A Fine Kettle of Fish


Israel Horovitz’s ‘North Shore Fish’ at Gloucester Stage Company
Shimmagetsfish_7110When Israel Horovitz wrote “North Shore Fish” in 1986, the Gloucester fish packing industry was already in trouble. Plants were closing, and with the local fishing industry sputtering, those that remained in business were reduced to repackaging frozen filets from overseas rather than fresh local fish.

That’s the setting of Horovitz’s play, currently on stage at the Gloucester Stage Company. The North Shore Fish of the title is a fish packing plant that has provided a living for generations of Cape Ann working class families, but now finds itself on the cusp of extinction. Jenna McFarland Lord’s authentically austere set reflects the bleak circumstances that the plant and the employees are facing.

The nine workers in Horovitz slice of life tragicomedy must face the question of what will happen to them when the only job they’ve ever known sails off into the sunset.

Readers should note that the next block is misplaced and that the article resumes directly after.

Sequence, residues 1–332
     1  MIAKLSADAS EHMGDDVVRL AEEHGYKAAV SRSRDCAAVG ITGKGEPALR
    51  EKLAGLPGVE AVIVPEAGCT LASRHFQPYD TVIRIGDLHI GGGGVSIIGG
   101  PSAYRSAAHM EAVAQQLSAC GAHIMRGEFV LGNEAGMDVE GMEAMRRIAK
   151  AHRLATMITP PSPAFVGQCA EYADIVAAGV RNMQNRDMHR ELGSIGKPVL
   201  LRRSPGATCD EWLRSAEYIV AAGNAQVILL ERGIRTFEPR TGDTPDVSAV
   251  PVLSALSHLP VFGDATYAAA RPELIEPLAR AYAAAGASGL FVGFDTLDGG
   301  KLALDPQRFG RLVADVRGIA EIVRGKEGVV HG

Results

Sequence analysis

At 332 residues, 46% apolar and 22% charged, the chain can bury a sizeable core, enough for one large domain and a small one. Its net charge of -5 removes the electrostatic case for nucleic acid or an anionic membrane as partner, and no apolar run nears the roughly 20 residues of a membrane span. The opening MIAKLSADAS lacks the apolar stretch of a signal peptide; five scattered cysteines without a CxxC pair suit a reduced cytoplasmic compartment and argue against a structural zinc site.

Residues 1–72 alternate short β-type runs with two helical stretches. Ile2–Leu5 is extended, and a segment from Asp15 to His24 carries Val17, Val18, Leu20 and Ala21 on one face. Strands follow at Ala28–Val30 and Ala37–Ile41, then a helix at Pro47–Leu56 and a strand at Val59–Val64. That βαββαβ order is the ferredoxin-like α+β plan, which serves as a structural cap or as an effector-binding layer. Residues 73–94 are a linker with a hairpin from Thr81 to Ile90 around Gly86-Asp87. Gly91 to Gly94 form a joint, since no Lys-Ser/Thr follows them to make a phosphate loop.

Not only has North Shore Fish employed generations of the same families, it’s current employees are a family unto themselves, with all the affection, animosity, loyalty and bickering that you’d see in any real family.

SalPorkerCloseUp_7360There’s Alfred “Porker” Martino (played by Thomas Phillip O’Neill), a good natured everyman who takes his share of abuse from all, but especially from Salvatore “Sally” Morella (Lowell Byers), the plant boss.

Sal fancies himself a ladies man, and there’s no female employee, and hardly a girl on Cape Ann, that he hasn’t made a pass at, managing to impregnate at least three of his conquests. Sal also imagines himself to be a sort of working class hero, constantly bellowing that it’s only due to his efforts that the plant survives and the employees are able to feed their families.

ArlyeneSingleCloseUp_7356The fish-packing line is populated by women of various ages. The oldest is Arlyne Flynn (Nancy E. Carroll) the mother hen to this brood, whose admonitions have been echoing in the warehouse for so long that the other workers can recite them word for word with her.